SINGAPORE is looking to recognise companies that voluntarily adopt the progressive wage model (PWM) in sectors where it is not currently compulsory, such as food services and retail trade, Manpower Minister Josephine Teo said.
Speaking in Parliament at the debate on Motion of Thanks to the President on Tuesday, Mrs Teo noted that workers in sectors where the PWM is mandated have seen cumulative wage growth of around 30 per cent in the last five years, compared with 21 per cent for workers at the median.
However, the real question is the timing of expansion for the PWM, she said, noting that businesses are still trying to find a firmer footing in the midst of great uncertainty in the labour market.
"While it may be too risky to mandate PWM in more sectors right away, we can still promote its voluntary adoption by progressive employers that are able to do so," she said.
To give this effort a bigger push, the government will work with the tripartite partners to introduce a PWM Mark, she said.
"Companies that voluntarily pay progressive wages and provide job progression pathways to their lower-income workers will be recognised with this PWM Mark," she said.
Introduced in 2012, the PWM sets out a minimum pay for different job levels, with wage increases pegged to skills gained in the cleaning, security and landscaping sectors. It currently covers 80,000 workers.
During the July 10 General Election, the PWM was in the spotlight as candidates compared the framework with a possible national minimum wage, while asking if the PWM could be expanded to cover other sectors.
Mrs Teo said: "Although we have not legislated a single minimum wage across the board, we have in fact implemented features of a "Minimum Wage +" through the PWM in several sectors.
She noted that in sectors outside the PWM sectors, Workfare and the Special Employment Credit (SEC) have raised wages without risking unemployment.
For example, a 60-year-old worker drawing S$1,200 a month would get S$1,593 when SEC and Workfare are added - 33 per cent more than the employer's willingness to pay, she said.
"Had a national minimum wage been set at S$1,593 instead of boosting his income with SEC and Workfare, would the worker still have a job? Perhaps, if the labour market is very tight but perhaps not when economic conditions take a dive," she said.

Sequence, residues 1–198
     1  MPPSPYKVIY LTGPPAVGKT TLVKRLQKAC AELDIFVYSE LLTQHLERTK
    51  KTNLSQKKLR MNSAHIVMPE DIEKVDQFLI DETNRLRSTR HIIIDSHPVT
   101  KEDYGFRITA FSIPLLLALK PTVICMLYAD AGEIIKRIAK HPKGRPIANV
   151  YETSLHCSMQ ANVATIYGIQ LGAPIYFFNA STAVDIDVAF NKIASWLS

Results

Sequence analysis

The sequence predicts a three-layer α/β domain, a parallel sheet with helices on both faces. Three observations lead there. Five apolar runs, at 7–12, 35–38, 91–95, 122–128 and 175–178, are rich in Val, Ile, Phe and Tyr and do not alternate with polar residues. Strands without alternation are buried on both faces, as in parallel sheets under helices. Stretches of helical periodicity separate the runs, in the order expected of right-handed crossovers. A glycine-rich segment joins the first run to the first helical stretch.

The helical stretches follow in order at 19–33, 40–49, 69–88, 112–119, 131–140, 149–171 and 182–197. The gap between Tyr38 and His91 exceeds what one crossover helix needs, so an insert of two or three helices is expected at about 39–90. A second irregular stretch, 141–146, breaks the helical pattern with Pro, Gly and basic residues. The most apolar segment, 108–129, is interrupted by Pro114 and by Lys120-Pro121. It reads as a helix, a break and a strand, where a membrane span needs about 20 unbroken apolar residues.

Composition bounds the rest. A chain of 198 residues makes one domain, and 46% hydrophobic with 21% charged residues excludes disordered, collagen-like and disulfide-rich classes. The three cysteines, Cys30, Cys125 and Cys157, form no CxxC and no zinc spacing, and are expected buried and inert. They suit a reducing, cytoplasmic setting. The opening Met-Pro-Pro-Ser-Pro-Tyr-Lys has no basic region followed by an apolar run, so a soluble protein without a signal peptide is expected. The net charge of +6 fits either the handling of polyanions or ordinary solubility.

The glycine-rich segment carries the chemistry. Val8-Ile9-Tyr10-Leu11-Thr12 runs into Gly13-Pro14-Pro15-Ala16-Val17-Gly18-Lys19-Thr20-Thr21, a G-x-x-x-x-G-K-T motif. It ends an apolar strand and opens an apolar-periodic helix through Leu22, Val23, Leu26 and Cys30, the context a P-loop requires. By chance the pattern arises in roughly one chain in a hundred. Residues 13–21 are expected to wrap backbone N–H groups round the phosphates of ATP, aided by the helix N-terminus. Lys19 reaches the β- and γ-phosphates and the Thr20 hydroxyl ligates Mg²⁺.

Mrs Teo also addressed suggestions to use levies and quotas to regulate the number of Employment Pass (EP) holders. Last week, the Ministry of Manpower (MOM) raised the qualifying salaries for new EPs and S Passes.
She noted that at the work permit level, levies, on top of quotas, are used to regulate demand because the numbers are big. At the EP level where the numbers are not as big, the government's key objective is to regulate quality, she said.
By raising the salary requirements, this sets a higher bar over time that EP holders must reach to work in Singapore, while pushing EP holders at the lower end down to the S Pass-level where there are quota controls.
"In all past adjustments to EP salary requirements, a good number are downgraded to S Passes," she said.
She added that the MOM plans to engage an expanded group of employers to review their hiring practices.
This expanded group will include firms whose Singaporean core has been weakening, or whose EP and S Pass workforce are overly concentrated from a single foreign nationality source.
"Through active intervention, we will help them reshape their workforce profiles. We will do this together with economic agencies like EDB (Economic Development Board) and MAS (Monetary Authority of Singapore)," she said.